Articles, Jeans Test
This Summer, one of our customer who bought the JEAN’STER INDIGO had a motorcycle crash.
Greg had a motorcycle crash at 80mph. He was wearing the JEAN’STER INDIGO and this ARMALITH® jeans saved him a lot of injuries.
Through this interview, he tells us how his accident happen. And how the jeans protect him.
I had concluded a leisurely 2hr ride and was returning home via 4-lane freeway, doing 80mph, light traffic. I saw a poor section of road coming up, but didn’t feel it warranted a lane change. My bike is a Ducati Monster 1100 Evo. Monsters tend to have soft suspension and it is my belief that the combination of too much sag (my setup, my fault) and a section of continuous potholes was the cause of the crash.
When entering the section I got some nasty feedback from the handlebars which caught my attention quick, and it seemed like I’d ride it out, but the road got worse and I found myself in a full tank-slapper. The bike went right and I Superman’d straight, landed thusly, and stretched my limbs to maintain a flat profile on the ground to prevent a roll. The wear to my gear and muscle soreness corroborate this.
This first half of the slide is where the knees of the jeans abraded open, and the rough road banged my knees up. I swung around so that I was facing the way I had come and there was the bike, sliding right towards me! I timed it and pushed it away from me, and this rolled me over onto my left side, for the second half of the never-ending slide. This was where the seat, side-seam and outer ankle of the pants got a bit chewed up, the latter form my the buckles on my trackboots. I came to a rest almost in the breakdown lane, along with the bike and hopped right up and got to safety. Several cars had seen and stopped, including an ambulance! I knew I had banged one knee pretty good but honestly felt pretty much fine. I waited for some cars to go by, killed the ignition on the bike and pulled it the rest of the way into the breakdown lane and picked it up. The clutch and shift lever were mangled badly, and the knuckle that the footpeg mounts to had cracked through, mirrors shattered, handlebar ground down, tank fairing cracked, tail fairing scratched up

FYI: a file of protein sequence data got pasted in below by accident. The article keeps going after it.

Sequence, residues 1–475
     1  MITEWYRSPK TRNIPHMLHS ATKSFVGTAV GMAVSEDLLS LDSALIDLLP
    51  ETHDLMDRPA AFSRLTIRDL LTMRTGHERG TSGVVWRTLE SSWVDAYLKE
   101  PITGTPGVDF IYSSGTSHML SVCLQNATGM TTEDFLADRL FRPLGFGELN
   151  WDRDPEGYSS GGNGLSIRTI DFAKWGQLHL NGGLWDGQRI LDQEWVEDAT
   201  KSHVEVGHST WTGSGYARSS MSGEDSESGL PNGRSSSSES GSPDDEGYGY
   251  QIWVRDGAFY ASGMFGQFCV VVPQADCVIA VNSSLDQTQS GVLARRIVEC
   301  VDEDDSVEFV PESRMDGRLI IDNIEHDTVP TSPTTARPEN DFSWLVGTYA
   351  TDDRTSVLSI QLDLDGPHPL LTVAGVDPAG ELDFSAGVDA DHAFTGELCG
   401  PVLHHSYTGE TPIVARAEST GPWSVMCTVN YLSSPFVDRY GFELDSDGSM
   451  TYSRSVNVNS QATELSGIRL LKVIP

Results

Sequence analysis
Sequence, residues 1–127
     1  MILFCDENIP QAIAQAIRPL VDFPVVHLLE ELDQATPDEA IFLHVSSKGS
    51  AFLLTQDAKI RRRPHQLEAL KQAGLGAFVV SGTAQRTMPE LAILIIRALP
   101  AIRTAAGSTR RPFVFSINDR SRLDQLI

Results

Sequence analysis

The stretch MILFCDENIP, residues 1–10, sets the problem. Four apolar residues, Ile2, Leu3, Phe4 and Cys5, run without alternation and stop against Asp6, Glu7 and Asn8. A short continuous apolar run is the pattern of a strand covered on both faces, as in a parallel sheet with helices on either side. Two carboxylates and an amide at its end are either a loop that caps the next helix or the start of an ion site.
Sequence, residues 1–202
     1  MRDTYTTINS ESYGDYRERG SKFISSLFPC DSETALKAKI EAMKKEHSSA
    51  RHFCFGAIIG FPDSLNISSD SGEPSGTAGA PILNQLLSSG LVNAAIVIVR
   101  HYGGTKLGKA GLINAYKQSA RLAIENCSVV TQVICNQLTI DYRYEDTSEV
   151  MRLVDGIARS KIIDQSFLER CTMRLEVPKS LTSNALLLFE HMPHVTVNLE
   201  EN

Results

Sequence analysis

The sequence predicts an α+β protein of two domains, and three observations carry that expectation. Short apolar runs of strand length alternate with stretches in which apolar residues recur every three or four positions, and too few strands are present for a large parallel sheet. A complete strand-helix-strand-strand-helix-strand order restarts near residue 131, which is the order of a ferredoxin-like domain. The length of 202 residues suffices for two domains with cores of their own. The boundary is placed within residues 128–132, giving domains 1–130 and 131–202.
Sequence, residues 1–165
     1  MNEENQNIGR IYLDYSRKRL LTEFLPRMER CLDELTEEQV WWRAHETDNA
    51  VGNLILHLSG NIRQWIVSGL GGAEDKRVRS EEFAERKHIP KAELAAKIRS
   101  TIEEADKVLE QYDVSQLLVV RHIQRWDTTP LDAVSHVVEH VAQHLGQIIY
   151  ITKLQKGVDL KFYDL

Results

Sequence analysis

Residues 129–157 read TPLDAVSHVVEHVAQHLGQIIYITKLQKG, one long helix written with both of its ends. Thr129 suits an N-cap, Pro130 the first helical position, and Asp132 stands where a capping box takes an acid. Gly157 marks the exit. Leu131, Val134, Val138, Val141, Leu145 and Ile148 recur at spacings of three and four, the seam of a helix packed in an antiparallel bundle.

I got rid of my bystanders, and to my surprise the bike fired right up. Shifting gears was impossible though, I even tried using a tool from the kit to bend the shift lever, but no luck. The default point-of-views of insurance companies and police in the US seem to be ‘we’re not responsible’, and ‘you’re guilty of recklessness’, so I didn’t much care to hang around and troubleshoot. However the bike was in 3rd gear. So with a lot of clutch and gas I rode it the last 20min home, had some ibuprofen and iced my knee. The bike is almost back to normal, I’ve been buying and installing parts off the internet.
I was driving at 80mph.
Some small bruises around the knees, road rash on the knees and rear shoulderblade where my jacket blew a seam.
Right knee has a 2X3cm hole, left knee a small one, left ankle a hole and abrasion from the buckles on my boots, left butt pocket lost much stitching but no material, left hip seam lost some integrity but still held, general abrasion in many spots.
I can’t over-emphasize good gear. My state (Utah) doesn’t even have a helmet law and I see riders every day with zero gear. I was lucky I didn’t slide into anything and that nothing hit me, the quality of my gear is what allowed me to get up and ride home. Shoei RF1100 helmet, RS-Taichi GP-WRX gloves, Sidi Rex boots, BOLID’STER JEAN’STER jeans, jacket was some Rev’It textile 3-season model I cannot recommend.
Thanks Greg for your testimony which show us the importance of motorcycle gear, especially pants.
During a motorcycle crash, the cotton coating disappears, revealing the technical fibers that will form a bulwark against the tar. This can reduce or even prevent abrasion injuries. Once jeans have suffered such a thermal shock, they can no longer be considered protective. We therefore advise you to change it.